How to be sarcastic in English!
In our English conversation practice class today, you’ll learn how to be sarcastic in English.
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Sarcasm is an important part of language; and it’s often used in English. But what is it, exactly?
Sarcasm consists of saying the opposite to what you really mean.
It’s a form of speaking that’s quite typical in many English-speaking countries, and it’s important to be able to recognise it.
We don’t recommend you use sarcasm in English until you’re comfortable doing it. However, knowing how to use it will help you recognise it. So, here are some ways you can be sarcastic.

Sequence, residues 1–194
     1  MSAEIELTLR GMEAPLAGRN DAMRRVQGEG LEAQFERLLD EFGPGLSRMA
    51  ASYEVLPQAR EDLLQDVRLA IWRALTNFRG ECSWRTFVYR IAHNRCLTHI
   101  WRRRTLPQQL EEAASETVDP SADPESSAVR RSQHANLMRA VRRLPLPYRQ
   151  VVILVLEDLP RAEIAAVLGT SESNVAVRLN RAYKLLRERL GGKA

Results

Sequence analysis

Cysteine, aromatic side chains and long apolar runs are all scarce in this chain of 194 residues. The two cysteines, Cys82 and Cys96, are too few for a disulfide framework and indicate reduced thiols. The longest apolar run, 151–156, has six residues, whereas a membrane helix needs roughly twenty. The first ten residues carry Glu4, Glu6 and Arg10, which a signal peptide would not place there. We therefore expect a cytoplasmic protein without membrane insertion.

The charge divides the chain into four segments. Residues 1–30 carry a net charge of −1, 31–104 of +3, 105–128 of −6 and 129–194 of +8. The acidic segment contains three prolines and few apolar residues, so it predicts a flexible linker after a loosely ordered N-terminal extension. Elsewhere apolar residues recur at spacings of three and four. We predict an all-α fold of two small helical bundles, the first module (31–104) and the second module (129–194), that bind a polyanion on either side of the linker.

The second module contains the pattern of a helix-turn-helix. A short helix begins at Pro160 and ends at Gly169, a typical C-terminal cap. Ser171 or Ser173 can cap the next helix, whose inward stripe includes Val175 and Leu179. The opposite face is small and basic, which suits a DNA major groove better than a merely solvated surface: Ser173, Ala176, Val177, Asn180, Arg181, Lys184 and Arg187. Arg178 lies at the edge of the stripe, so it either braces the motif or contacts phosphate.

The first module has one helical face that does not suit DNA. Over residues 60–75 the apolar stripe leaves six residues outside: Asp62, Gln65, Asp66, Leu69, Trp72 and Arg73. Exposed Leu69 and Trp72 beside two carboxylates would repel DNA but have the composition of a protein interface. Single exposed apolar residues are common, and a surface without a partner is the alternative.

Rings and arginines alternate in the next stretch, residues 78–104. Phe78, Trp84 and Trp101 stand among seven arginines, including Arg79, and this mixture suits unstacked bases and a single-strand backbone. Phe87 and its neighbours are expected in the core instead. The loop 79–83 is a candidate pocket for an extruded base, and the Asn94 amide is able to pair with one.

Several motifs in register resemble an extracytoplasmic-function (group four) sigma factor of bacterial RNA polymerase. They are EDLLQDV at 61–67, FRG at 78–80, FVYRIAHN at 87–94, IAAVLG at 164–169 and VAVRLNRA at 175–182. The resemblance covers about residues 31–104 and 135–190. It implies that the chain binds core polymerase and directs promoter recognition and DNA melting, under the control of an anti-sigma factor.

Sarcasm is often used as a form of humour, or to make other people feel silly or stupid. And it often comes in the form of a witty and fast response to a question or observation.
A: Is that pen yours?
B: No, I stole it.
A: Am I supposed to pick a card?
B: No, you’re supposed to pick your nose.
In a restaurant
A: Are you going to eat that?
B: Only if you want it.
In a shop
A: Will there be anything else?
B: Why? Wasn’t that enough?
At the riverbank
A: Did you catch that fish?
B: No, I asked it to jump out of the water and into my bucket.
Some people are famous for their witty, sarcastic comments. Here are a few examples of this. Notice how the comments start off sounding nice but end up being more aggressive:
“Some cause happiness wherever they go; others whenever they go.” Oscar Wilde
“Sometimes I need what only you can provide: your absence.” Ashleigh Brilliant
“I never forget a face, but in your case I’ll be glad to make an exception.” Groucho Marx
“I didn’t attend the funeral, but I sent a nice letter saying I approved of it.” Mark Twain
“I like long walks, especially when they are taken by people who annoy me.” Fred Allen